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Promise and pitfalls: trauma informed care, trauma services, and efforts to address both substance use disorders and intimate partner violence

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Intimate partner violence (IPV) and substance use disorder (SUD) frequently co-occur and are rarely addressed together despite evidence indicating benefits of combined interventions. Both are linked to trauma. Scholars have theorized attention to trauma may facilitate engagement with IPV and SUD but have not studied this potential empirically.


Using service system level quantitative data on organizations focused on IPV or SUD (n = 281) in a midwestern city in the United States and semi-structured interviews with policymakers, funders, and practitioners in both areas (n = 27), this paper uses grounded theory to explore whether attention to trauma facilitates attention to IPV and SUD.


While quantitative data suggest addressing trauma and both IPV and SUD are associated at the service system level, analysis of interview data indicates greater complexity. Despite consensus on trauma-informed care’s potential, competing understandings of temporality (when trauma occurs in relation to IPV or SUD), different liabilities associated with addressing trauma, and different intervention approaches combine to limit engagement by both IPV and SUD organizations. Rather than adopting trauma-informed care, both types of organizations more typically engage trauma selectively, offering discrete services rather than holistic intervention. Findings have implications for addressing co-occurring IPV, SUD, and trauma and for practice, policy, education, and research.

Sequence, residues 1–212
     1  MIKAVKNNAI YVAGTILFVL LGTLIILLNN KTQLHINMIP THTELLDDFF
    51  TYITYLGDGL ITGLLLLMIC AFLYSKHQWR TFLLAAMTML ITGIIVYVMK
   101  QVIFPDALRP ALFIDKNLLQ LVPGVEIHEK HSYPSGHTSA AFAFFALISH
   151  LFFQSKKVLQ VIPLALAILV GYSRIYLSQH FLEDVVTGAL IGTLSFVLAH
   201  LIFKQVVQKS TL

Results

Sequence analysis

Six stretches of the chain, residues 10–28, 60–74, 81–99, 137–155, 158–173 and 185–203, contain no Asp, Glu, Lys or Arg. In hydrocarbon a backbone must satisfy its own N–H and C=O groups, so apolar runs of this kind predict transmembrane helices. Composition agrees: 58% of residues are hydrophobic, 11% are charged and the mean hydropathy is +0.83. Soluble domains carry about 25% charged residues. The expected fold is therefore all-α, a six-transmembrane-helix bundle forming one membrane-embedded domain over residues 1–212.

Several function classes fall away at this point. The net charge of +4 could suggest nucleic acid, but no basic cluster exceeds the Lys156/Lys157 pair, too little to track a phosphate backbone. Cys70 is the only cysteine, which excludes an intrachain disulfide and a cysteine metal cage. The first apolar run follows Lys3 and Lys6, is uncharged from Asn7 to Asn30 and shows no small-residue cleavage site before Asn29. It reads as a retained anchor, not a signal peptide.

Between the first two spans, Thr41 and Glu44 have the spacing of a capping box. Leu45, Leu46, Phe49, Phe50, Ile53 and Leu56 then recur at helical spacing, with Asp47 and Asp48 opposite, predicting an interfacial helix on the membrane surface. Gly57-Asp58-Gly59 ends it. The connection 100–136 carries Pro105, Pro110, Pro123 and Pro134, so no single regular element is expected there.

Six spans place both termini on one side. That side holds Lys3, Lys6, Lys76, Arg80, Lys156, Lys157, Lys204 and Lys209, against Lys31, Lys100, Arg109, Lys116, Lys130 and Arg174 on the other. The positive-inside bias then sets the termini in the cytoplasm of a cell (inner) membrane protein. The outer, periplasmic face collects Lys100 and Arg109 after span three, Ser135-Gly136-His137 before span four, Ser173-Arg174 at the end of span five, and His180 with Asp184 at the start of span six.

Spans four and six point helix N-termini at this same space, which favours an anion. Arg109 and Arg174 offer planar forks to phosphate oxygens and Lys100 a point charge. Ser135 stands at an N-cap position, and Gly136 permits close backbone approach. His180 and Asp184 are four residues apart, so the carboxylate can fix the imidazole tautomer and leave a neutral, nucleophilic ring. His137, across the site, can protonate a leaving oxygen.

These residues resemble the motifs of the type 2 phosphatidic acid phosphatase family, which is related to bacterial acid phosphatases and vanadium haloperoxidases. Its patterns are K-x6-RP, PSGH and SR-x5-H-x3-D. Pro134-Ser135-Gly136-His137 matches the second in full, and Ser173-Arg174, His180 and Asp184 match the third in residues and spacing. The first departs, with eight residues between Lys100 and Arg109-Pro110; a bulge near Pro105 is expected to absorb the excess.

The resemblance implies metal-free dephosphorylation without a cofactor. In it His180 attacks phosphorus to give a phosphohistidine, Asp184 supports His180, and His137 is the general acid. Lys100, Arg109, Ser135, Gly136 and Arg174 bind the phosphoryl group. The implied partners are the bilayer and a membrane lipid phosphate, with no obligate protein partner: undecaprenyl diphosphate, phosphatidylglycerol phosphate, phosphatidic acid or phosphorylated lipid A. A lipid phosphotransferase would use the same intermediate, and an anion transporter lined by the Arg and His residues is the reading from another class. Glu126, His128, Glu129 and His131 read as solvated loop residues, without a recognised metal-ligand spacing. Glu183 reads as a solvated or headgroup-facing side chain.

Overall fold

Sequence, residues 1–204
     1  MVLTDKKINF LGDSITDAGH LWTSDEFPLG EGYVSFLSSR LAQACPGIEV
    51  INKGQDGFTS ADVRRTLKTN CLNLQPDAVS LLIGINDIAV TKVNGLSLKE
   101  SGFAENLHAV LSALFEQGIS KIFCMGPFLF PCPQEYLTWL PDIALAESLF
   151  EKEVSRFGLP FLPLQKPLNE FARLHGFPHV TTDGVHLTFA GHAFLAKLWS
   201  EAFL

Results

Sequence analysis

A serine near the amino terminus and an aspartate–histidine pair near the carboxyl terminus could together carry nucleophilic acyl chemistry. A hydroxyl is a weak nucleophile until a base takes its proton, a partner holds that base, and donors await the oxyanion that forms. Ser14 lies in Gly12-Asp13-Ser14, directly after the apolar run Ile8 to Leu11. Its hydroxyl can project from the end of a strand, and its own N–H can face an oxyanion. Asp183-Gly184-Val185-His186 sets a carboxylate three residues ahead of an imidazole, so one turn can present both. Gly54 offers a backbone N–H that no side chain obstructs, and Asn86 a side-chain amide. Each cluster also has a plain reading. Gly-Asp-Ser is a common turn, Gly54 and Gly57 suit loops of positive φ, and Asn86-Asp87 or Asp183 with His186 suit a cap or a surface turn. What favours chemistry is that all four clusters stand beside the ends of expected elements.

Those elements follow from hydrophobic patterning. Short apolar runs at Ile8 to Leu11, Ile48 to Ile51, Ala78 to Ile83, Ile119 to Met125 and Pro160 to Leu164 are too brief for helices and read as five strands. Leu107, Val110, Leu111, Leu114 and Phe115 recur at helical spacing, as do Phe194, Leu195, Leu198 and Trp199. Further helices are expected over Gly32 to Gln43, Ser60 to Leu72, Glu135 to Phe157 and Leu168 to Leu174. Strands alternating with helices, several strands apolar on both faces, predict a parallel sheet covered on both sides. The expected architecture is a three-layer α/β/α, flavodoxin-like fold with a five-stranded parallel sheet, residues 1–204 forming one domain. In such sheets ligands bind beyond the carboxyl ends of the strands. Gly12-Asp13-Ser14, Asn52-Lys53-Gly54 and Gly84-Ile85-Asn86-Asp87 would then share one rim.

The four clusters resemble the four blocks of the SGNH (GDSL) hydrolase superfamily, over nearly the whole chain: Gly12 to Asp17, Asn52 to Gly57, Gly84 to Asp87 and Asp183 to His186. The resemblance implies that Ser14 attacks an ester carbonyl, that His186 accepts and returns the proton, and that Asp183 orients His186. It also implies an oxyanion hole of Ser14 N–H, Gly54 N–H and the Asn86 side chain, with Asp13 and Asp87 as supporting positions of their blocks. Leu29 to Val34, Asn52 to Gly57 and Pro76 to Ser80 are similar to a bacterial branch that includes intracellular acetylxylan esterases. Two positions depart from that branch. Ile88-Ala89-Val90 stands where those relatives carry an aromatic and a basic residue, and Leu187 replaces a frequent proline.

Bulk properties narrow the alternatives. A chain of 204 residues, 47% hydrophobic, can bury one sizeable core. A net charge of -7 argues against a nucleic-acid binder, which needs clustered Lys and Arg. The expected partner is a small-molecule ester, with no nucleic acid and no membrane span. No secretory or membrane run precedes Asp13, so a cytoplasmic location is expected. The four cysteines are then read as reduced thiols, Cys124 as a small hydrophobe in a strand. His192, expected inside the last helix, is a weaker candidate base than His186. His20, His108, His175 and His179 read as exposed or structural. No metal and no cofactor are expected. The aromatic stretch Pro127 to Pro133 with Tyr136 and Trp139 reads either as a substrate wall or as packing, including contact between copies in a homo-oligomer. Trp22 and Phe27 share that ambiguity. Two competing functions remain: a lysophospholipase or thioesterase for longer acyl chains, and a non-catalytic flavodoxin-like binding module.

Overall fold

There is need for greater consensus about what it means to address trauma, increased investments in practitioner education and training around intersections of IPV, SUD, and trauma, and additional supports to incentivize movement from a trauma services approach towards meaningful implementation of trauma-informed care.

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The author gratefully acknowledges Elizabeth A. Armstrong, Beth Glover Reed, Jason Owen Smith, Eve Garrow, Mathieu Despard, and Michelle McClellan for their support and feedback on the larger project from which this article was developed, Larry Bennett for his essential connections and ongoing encouragement, Kayla Thompson for her research assistance, and the anonymous reviewers at Journal of Family Violence for their insightful feedback.


This investigation was supported by the National Institutes of Health under the Ruth L. Kirschstein National Research Service Award T32 DA007267. Its contents are solely the responsibility of the authors and do not necessarily represent the official views of the NIH. Additional support for this project came from the University of Michigan Center for the Education of Women and Rackham Graduate School.

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Correspondence to Elizabeth Marie Armstrong.

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Armstrong, E.M. Promise and pitfalls: trauma informed care, trauma services, and efforts to address both substance use disorders and intimate partner violence. J Fam Viol 38, 841–853 (2023).

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